Motojima et al. Physics and engineering design studies on the Large Helical Device
Padamsee et al. RF superconductivity for accelerators
Wangler et al. Relation between field energy and RMS emittance in intense particle beams
Hancox Enthalpy stabilized superconducting magnets
US8614612B2 (en) Superconducting coil
Stenzel et al. Magnetic field line reconnection experiments 1. Field topologies
US7656258B1 (en) Magnet structure for particle acceleration
LeBlanc Influence of transport current on the magnetization of a hard superconductor
Vilenkin Creation of universes from nothing
CA1193031A (en) Method and apparatus for producing average magnetic well in a reversed field pinch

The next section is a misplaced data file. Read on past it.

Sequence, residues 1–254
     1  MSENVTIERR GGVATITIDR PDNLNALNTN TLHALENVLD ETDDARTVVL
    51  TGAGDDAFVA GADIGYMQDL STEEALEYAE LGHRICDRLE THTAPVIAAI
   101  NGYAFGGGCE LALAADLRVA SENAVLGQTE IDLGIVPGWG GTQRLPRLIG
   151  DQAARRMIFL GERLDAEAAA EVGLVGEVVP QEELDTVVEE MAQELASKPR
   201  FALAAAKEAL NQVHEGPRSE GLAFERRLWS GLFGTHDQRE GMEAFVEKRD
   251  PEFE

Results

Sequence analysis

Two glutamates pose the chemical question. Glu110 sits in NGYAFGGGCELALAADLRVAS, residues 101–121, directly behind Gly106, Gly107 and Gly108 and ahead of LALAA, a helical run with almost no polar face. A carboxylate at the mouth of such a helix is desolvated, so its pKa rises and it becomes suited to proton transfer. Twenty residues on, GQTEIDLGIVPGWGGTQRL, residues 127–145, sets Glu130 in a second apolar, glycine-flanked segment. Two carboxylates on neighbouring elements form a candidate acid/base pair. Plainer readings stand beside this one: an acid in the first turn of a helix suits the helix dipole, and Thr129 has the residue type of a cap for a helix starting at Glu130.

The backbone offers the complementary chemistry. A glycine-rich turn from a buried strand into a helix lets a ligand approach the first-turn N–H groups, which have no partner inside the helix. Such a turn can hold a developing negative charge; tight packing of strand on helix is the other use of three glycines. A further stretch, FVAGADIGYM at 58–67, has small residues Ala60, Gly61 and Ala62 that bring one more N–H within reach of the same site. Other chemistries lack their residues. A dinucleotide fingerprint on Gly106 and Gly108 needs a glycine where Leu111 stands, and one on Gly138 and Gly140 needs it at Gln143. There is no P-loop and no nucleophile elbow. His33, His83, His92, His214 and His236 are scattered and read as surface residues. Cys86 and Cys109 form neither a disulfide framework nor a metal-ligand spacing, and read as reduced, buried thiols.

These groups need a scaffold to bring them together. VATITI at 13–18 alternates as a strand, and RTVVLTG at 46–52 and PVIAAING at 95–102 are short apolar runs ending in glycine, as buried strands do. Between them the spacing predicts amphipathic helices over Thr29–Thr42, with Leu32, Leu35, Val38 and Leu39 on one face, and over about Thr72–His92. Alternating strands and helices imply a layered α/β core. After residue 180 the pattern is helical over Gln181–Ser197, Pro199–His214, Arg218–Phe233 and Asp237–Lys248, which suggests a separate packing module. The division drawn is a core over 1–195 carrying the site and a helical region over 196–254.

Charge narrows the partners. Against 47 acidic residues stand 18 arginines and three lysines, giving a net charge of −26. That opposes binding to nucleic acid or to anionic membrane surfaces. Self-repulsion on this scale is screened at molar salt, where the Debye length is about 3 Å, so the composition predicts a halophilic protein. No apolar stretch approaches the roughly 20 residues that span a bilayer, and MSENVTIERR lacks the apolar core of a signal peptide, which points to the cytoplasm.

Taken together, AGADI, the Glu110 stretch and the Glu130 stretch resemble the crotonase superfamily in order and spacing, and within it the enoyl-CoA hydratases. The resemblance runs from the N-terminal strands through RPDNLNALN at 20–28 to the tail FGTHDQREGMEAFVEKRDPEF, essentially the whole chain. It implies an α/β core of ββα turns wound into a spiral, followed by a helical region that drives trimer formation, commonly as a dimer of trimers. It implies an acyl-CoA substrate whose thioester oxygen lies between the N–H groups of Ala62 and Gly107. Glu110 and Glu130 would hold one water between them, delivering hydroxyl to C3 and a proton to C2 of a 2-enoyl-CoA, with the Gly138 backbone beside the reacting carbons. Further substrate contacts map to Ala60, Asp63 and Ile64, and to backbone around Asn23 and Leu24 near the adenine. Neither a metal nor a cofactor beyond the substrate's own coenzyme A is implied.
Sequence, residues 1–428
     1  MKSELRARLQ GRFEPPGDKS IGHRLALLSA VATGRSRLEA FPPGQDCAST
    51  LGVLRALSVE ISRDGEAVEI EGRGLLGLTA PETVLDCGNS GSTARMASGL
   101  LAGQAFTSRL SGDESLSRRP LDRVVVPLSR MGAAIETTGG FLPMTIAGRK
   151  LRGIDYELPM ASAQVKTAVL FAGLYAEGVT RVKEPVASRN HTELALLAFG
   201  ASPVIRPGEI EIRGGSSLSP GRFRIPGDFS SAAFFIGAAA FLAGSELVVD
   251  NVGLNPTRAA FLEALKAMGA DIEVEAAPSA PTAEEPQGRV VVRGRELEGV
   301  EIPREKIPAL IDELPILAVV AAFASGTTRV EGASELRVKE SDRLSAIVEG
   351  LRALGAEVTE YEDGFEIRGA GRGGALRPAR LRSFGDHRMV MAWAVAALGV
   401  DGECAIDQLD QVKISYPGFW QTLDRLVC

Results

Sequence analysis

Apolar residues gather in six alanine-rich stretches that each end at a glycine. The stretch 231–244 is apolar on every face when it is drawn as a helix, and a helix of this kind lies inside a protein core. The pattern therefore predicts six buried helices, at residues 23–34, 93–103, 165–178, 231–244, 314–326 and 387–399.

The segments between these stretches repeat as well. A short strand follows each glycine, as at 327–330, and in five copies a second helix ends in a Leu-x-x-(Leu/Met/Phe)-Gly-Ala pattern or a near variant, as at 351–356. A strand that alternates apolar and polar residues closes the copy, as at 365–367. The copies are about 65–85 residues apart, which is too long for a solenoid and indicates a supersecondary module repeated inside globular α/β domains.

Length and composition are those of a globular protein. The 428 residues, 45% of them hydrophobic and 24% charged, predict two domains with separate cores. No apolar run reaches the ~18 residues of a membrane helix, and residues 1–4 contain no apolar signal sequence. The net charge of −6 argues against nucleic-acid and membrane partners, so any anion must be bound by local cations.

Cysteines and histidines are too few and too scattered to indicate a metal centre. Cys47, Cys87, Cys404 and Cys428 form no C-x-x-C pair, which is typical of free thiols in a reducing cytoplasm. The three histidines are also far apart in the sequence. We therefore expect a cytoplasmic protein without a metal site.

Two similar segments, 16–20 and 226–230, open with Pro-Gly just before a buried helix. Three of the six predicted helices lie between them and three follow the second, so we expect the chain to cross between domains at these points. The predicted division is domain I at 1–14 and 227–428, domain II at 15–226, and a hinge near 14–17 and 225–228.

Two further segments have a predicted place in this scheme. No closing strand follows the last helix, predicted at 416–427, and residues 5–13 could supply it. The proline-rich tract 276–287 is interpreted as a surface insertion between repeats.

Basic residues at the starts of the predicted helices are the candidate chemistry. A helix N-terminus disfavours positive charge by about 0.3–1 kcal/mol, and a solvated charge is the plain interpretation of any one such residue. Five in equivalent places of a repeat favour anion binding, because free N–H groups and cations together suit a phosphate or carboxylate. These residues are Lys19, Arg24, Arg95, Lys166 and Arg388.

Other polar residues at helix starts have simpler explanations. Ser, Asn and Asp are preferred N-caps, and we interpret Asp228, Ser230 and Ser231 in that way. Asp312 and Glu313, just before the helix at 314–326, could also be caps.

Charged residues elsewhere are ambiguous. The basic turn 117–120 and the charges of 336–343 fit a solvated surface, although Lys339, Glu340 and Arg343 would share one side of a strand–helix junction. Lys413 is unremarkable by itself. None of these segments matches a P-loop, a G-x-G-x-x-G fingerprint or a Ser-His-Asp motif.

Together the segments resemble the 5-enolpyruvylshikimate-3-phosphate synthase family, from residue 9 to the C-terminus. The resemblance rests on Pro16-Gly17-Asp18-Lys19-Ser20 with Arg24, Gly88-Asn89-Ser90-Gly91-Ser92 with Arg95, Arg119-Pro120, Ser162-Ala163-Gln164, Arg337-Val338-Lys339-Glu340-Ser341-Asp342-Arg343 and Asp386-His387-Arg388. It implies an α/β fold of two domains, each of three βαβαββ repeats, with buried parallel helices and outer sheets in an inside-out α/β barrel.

Cheng et al. Theory and numerical simulations on collisionless drift instabilities in three dimensions
US4359706A (en) Magnet pole pieces and pole piece extensions and shields
US3491318A (en) Baseball seam magnet with variable magnetic field
Ginzburg The problem of high temperature superconductivity
EP0081952A1 (en) Multipole pinch method and apparatus for producing average magnetic well in plasma confinement
Bondeson et al. MHD modelling of density limit disruptions in tokamaks
Dolinsky et al. Thermodynamics of nucleation in current-carrying conductors
US3433705A (en) Stellarator having multipole magnets
Serin Superconductivity. Experimental part
Mackintosh The Fermi surface of metals